Turkey Giblet Gravy

  • Prep Time: 0 mins
  • Total Time: 3 hrs 15 mins
  • Yield: 3-4 cups
  • About This Recipe

    “Being so close to Canadian Thanksgiving, I thought this recipe might be handy. It is traditional in our family and served quite thick to pour over mashed potatoes. Left over gravy can be used up in a turkey casserole. We usually make a turkey shepherd’s pie which can be frozen and add the mashed potatoes when defrosted and cooked.”

    Ingredients

  • 1turkey giblets, removed from bird, neck, gizzard and liver
  • salt and pepper
  • 1teaspoonsage
  • 1stalkcelery, chopped
  • 1smallonion, chopped
  • 2 -4tablespoonsseasoned flour
  • water
  • Directions

  • Remove giblets from bird.
  • Place in saucepan.
  • Add salt and pepper, sage, celery and onion.
  • Cover with water.
  • Bring to boil.
  • Simmer covered for 2 or 3 hours while turkey cooks.
  • When the meat starts to fall away from the neck bones, strain liquid into a blender.
  • Chop liver and gizzard and add to blender.
  • Pick meat from neck bones and add to blender.
  • Puree off and on until liquefied.
  • Add flour seasoned with salt and pepper.
  • Blend off and on a few times until flour is incorporated.
  • After turkey has been removed from roaster.
  • Pour fat off, leaving brown bits and juice and bits of stuffing or meat stuck to pan, but remove any skin stuck.
  • Whisk as much “stuck stuff” up that you can.
  • Pour contents of blender in roaster, whisking as you pour, if too thick add a little water and continue whisking and adding water until reaching consistency you want.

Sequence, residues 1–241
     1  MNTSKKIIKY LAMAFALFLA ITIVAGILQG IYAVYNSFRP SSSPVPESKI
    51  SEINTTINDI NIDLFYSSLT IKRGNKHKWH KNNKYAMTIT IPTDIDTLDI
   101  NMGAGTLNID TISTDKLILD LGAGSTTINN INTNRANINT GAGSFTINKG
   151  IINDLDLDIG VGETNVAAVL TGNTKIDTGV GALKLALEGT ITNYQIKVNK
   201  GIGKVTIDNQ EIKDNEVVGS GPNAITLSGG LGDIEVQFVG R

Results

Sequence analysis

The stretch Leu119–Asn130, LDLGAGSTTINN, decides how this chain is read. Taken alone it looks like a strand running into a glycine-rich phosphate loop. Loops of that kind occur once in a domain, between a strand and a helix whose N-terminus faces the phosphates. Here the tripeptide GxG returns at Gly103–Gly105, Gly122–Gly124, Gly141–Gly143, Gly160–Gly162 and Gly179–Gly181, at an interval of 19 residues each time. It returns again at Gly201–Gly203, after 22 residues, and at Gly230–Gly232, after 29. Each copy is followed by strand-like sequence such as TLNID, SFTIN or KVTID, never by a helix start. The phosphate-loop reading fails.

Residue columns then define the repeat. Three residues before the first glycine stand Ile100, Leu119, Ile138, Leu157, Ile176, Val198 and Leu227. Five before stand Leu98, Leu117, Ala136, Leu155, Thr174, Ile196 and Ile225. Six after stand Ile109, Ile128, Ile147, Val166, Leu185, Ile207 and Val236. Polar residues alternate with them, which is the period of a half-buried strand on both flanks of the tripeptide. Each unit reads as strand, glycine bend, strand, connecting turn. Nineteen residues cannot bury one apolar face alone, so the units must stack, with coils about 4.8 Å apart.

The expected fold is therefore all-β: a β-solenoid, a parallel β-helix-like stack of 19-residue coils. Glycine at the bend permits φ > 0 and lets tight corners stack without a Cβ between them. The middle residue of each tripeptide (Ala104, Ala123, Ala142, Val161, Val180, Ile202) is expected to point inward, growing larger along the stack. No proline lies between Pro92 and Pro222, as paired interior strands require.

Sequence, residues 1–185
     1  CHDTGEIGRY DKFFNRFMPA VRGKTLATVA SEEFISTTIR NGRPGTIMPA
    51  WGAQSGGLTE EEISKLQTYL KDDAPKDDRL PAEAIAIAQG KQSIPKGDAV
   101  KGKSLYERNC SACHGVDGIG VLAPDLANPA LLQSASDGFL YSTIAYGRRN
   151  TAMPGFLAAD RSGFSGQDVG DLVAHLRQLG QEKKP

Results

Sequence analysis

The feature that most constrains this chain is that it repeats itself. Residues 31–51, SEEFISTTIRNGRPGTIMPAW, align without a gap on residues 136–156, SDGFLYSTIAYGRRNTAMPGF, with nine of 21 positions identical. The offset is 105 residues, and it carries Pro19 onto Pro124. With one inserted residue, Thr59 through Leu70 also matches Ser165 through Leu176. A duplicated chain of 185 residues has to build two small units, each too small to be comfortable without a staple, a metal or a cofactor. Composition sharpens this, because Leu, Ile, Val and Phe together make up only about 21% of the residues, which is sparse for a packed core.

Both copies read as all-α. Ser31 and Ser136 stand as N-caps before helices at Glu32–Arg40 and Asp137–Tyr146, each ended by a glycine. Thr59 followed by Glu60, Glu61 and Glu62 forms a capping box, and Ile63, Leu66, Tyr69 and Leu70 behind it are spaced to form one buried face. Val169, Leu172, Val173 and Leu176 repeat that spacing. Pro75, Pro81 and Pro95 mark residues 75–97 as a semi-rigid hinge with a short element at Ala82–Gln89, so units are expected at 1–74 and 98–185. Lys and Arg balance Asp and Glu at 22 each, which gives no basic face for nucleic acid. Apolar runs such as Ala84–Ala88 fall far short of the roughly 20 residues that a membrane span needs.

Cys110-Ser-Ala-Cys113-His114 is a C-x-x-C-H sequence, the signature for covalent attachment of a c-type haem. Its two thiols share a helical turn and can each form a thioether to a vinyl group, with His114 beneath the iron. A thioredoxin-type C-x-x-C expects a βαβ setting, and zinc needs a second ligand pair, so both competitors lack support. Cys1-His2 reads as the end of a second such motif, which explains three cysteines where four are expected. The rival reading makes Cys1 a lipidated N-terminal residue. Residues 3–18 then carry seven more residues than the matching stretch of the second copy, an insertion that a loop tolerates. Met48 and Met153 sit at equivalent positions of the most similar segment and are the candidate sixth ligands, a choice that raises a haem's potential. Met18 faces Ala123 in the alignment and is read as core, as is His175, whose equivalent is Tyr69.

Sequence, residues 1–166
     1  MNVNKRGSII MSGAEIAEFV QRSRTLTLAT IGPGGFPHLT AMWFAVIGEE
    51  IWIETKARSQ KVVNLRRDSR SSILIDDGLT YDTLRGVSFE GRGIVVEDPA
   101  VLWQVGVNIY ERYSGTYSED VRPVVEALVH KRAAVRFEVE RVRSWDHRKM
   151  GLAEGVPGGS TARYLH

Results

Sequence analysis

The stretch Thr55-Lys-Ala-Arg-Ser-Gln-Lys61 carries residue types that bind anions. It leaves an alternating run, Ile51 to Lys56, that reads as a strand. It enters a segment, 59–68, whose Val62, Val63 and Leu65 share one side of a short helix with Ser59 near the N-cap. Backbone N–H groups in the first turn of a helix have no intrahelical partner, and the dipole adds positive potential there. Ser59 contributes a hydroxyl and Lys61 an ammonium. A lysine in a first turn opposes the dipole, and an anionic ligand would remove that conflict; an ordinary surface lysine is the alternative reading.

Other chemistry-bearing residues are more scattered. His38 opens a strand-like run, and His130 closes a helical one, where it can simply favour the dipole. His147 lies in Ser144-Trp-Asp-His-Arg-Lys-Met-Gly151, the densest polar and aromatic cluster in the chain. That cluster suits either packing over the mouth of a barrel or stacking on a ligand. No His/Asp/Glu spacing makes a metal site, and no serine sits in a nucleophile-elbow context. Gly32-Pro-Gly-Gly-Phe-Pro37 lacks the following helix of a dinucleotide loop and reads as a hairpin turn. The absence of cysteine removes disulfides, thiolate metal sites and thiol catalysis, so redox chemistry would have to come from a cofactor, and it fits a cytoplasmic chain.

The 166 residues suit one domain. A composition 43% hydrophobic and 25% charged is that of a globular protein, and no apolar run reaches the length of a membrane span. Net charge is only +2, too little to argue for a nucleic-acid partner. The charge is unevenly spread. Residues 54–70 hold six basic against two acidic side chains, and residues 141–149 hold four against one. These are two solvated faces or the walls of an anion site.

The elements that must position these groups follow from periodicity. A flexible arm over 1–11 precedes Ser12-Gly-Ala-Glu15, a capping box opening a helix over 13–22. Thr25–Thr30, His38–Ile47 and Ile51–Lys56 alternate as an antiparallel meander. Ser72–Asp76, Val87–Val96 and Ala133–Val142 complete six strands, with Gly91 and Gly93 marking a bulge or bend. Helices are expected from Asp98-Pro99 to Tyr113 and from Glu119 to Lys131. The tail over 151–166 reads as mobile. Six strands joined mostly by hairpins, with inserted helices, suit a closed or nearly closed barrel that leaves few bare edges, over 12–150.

• Don’t add too much water at once.
  • Place roaster in 450-500 degree oven for 15 minutes.
  • Add more water and whisk if necessary, just before serving, but be sure it is bubbling hot.
  • Should be fairly thick.
  • Pour into gravy boat and serve hot.
  • Should be the last thing put on the table so that it is very hot.
  • Reviews

  • “I sauteed the giblets and vegetables before adding water to bring out the flavors, and discarded the giblets after the gravy was done instead of using it, but it turned out to be a rich, creamy gravy that everyone enjoyed!Great recipe!”

  • “Having read the recipe and the reviews, I was able to make the best gravy I’ve ever had (and the 15 guests felt the same way … this recipe is now in 4 other household’s recipe books!).I roasted the giblets (thanks, spaceace!) prior to covering them with chicken broth (thanks, chef #1267399). I did remove the giblet meat and puree it and the veg into the liquid (after defatting). All this was done while the turkey was cooking, so there was no additional net cooking time until step 14, when the turkey comes out of the oven and you incorporate the drippings. Even then, there’s no added net time, because the gravy prep goes on while the turkey is resting …In short, great results, great detailed instructions, and not just a keeper recipe, but THE gravy recipe for Thanksgiving and Christmas. Thanks, Derf!!”

  • “Good recipe.The first time I made it I did make the mistake of adding maybe too many giblets.We had slaughtered our own turkey, and I was a bit excited about saving every giblet.It ended up tasting too much like organ meat.The second go round I omitted liver and kidneys, and it was much better!Thanks for this recipe, I’ll keep making it every time!”

  • “Very tasty.”

  • “This turned out perfectly! It had an almost “beefiness” to it.”

  • “This is my basic method except I use carrots, onion, celery and gizzards in chicken stock instead of water. I let that simmer on low most of the day and use this to expand my gravy once the fat has been skimmed off of the pan juices. More flavorful than water! I discard most of the gizzards but use the livers chopped very fine and add to the gravy. This year I’m excited to have found Turkey stock from the same company whose chicken stock I’d used before. Update: The Turkey stock is even better. Available on Amazon.com or Nob Hill markets in